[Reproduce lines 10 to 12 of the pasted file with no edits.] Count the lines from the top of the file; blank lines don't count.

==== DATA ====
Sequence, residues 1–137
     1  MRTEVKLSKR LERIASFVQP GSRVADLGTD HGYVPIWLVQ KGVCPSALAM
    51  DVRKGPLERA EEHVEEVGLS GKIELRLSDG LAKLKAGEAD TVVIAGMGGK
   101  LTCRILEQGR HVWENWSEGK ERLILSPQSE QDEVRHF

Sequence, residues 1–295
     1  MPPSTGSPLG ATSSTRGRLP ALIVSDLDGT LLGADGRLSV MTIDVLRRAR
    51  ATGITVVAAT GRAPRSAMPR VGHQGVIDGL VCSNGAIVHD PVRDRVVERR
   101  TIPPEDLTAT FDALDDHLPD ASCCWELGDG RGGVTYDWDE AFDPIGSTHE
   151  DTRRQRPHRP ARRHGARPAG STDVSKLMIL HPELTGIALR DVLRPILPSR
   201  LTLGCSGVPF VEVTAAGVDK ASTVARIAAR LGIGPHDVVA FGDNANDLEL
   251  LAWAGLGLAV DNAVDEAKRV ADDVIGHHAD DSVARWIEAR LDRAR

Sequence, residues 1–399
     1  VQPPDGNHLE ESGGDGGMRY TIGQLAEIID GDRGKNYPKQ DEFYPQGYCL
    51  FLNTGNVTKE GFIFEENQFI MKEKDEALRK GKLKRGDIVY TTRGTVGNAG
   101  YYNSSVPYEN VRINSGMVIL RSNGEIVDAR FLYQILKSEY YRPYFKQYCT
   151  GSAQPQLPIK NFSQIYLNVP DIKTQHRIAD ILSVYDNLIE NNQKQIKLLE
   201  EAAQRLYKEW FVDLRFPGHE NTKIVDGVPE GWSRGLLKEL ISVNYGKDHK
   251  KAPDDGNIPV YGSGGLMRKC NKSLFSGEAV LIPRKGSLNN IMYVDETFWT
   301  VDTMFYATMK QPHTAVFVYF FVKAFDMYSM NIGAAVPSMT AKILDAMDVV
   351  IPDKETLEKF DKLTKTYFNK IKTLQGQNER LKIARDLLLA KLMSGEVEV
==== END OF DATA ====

   201  LTLGCSGVPF VEVTAAGVDK ASTVARIAAR LGIGPHDVVA FGDNANDLEL
   251  LAWAGLGLAV DNAVDEAKRV ADDVIGHHAD DSVARWIEAR LDRAR

Sequence, residues 1–399